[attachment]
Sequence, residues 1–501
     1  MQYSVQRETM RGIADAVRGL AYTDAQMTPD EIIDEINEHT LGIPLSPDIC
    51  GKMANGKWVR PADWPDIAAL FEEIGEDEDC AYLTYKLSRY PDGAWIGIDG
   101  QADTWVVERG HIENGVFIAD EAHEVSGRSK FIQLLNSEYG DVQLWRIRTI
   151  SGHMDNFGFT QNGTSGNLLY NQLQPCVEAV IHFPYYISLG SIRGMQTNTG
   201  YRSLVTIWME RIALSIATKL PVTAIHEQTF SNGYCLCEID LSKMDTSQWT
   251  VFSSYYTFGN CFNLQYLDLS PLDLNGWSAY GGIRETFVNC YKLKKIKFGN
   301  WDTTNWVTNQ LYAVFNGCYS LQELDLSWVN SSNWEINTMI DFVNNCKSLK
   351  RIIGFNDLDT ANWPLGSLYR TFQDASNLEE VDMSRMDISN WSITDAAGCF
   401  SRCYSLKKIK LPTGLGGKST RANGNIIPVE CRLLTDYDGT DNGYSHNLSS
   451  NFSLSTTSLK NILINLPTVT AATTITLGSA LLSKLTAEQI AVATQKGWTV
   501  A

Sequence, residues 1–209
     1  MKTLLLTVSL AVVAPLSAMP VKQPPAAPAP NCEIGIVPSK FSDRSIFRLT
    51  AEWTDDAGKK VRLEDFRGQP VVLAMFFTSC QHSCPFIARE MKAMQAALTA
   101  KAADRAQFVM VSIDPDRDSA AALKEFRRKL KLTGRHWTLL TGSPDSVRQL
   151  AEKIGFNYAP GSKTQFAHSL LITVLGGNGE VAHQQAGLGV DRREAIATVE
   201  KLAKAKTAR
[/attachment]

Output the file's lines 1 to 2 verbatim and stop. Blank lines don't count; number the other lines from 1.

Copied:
Sequence, residues 1–501
     1  MQYSVQRETM RGIADAVRGL AYTDAQMTPD EIIDEINEHT LGIPLSPDIC